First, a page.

The report devotes a section to the devastating financial challenges for the Detroit Public Schools (DPS).  “DPS pays $53 million a year on debt service for its operating budget. That’s $1,120 per student before any instruction occurs.”  Since 2002, the number of school-aged children in Detroit has declined from 196,638 to 119,658 in 2013, a drop of 40 percent.  At the same time a publicly funded charter sector has grown explosively, the district has been struggling to downsize its operations including the need to accommodate children across the residential neighborhoods of a geographically large school district. Family poverty has increased:  “Overwhelmingly the population loss came from the middle-and higher-income segments of the city, leaving the schools with a higher percentage of students in poverty, many of whom are identified to have special needs.”  Transportation to and from school is overwhelming for many families: “Currently there is no mechanism for all schools (DPA, EAA, and public charters) to financially support an equitable and practical transportation system.”  “Given the amount of choice occurring and the absence of high-quality neighborhood schools, transportation is a major barrier.  The average Detroit student commutes 3.4 miles each way to and from school.  Ten percent travel more than 6.7 miles each way.  More than 75 percent of students rely on walking, city buses, or cars to get to school.  But the bus system is sometimes unreliable, 25 percent of Detroit families do not have cars, and walking is not an option when schools are so far from home.”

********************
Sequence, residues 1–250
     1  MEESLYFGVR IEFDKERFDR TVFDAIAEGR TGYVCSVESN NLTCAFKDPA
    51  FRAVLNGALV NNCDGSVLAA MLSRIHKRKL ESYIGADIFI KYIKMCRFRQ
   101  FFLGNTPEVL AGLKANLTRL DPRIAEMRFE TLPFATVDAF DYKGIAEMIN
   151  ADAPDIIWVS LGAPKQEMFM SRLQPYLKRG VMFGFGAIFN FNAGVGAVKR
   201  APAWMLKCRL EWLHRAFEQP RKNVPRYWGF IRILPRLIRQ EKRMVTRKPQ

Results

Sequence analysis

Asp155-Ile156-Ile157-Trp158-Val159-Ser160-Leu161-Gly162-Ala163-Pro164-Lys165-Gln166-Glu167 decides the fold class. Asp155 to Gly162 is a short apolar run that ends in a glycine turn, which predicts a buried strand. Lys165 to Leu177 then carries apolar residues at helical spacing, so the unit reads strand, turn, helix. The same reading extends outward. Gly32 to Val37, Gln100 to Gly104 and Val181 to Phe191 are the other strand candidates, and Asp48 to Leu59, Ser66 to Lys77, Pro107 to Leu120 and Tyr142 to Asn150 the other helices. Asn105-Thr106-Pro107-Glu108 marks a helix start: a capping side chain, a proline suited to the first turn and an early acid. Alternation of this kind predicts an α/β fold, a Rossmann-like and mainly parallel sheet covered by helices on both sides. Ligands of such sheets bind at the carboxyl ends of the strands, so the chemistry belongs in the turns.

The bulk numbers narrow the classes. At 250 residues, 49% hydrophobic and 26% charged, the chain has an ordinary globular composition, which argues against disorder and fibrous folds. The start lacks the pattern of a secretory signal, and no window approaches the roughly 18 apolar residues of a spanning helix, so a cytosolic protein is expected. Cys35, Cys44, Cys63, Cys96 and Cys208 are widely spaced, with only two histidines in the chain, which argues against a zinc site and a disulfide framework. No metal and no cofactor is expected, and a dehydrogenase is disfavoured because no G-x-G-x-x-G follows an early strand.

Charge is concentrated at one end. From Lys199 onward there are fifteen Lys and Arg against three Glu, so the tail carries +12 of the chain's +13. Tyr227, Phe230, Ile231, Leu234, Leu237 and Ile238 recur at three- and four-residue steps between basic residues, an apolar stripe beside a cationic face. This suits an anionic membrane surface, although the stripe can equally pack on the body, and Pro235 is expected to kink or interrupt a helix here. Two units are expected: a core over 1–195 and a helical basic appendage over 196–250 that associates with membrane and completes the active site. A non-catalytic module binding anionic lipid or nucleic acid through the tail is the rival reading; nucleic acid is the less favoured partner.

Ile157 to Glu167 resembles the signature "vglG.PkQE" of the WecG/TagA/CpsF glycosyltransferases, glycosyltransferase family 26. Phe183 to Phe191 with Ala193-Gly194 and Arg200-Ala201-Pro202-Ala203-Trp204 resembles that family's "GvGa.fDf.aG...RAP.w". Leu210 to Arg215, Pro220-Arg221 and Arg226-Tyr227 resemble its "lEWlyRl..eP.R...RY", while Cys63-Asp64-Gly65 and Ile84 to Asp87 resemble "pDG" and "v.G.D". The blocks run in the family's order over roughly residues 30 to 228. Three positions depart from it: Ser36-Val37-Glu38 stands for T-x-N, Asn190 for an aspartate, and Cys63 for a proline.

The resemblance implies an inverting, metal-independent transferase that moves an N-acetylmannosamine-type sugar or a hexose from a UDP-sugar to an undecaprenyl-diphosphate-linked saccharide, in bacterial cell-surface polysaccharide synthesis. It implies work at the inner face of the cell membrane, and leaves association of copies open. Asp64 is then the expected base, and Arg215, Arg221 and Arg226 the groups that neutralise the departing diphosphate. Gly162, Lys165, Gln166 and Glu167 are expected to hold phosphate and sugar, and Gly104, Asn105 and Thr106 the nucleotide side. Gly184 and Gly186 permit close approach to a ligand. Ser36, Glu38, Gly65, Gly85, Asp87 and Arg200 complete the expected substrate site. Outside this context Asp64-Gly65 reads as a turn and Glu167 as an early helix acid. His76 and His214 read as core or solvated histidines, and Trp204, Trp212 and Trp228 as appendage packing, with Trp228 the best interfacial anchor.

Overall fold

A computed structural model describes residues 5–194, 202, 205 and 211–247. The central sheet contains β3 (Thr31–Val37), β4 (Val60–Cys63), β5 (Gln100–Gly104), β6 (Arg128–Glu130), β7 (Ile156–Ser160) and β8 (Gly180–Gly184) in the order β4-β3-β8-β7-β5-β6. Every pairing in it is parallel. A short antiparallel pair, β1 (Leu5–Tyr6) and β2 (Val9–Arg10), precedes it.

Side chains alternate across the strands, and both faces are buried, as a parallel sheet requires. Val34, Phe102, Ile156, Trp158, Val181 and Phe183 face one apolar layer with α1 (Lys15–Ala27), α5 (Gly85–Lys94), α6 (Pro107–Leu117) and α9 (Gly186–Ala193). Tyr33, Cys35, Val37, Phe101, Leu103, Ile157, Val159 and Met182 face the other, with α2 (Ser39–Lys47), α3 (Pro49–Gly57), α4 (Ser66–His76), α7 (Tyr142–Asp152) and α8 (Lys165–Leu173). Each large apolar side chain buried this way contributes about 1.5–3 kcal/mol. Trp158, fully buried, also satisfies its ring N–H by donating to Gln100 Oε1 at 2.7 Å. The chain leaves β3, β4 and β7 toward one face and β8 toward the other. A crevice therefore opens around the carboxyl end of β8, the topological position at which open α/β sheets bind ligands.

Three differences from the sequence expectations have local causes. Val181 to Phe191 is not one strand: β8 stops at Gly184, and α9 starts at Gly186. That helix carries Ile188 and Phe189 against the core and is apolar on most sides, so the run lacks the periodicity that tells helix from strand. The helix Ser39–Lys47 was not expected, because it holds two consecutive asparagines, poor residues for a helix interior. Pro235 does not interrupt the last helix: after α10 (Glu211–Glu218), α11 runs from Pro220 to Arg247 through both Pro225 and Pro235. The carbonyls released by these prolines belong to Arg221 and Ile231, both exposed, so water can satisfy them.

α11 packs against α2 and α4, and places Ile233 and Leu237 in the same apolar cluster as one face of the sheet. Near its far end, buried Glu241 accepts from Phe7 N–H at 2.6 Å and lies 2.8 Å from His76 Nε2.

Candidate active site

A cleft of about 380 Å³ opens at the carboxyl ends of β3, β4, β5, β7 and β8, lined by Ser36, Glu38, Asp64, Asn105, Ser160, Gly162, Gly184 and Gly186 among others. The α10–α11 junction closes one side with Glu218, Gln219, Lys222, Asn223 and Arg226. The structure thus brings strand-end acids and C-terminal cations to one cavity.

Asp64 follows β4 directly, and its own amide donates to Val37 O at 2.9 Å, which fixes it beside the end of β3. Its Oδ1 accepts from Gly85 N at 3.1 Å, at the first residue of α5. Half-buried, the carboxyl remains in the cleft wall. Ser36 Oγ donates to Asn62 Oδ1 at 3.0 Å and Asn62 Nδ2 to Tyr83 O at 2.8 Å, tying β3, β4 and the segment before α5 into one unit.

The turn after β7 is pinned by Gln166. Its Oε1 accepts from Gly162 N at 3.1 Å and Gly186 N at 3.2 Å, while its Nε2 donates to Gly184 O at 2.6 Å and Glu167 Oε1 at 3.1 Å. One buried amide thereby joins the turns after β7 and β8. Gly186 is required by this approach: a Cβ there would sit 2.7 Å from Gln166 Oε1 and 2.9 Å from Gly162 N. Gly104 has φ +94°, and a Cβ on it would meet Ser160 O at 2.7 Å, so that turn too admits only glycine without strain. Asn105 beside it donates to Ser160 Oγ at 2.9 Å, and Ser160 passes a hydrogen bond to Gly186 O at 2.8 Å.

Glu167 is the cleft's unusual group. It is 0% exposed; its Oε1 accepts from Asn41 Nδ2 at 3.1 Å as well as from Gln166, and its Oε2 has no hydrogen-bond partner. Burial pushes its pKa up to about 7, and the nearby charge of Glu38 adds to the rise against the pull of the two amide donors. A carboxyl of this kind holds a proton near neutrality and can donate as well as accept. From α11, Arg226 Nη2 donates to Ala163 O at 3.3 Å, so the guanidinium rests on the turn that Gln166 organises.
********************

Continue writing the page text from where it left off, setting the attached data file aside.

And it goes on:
The report emphasizes that school choice must be brought under control and the public schools stabilized and improved to staunch the rapid loss of students to suburban school choice and unregulated charters.  The mechanisms of an unregulated education marketplace have turned Detroit Public Schools into a school district of last resort for the children with the greatest needs and the least capacity to escape through school choice: “DPS is educating a disproportionate share of special education students, partly because individual public charter schools do not have the capacity to accommodate these students’ needs. Going forward, a task force should determine whether Wayne RESA or another entity should provide citywide coordination and consolidation of special education and bilingual services across all schools in Detroit (DPS and public charter schools).  Services must give equal access, offer an equitable funding model, and be provided at the neighborhood level when possible.”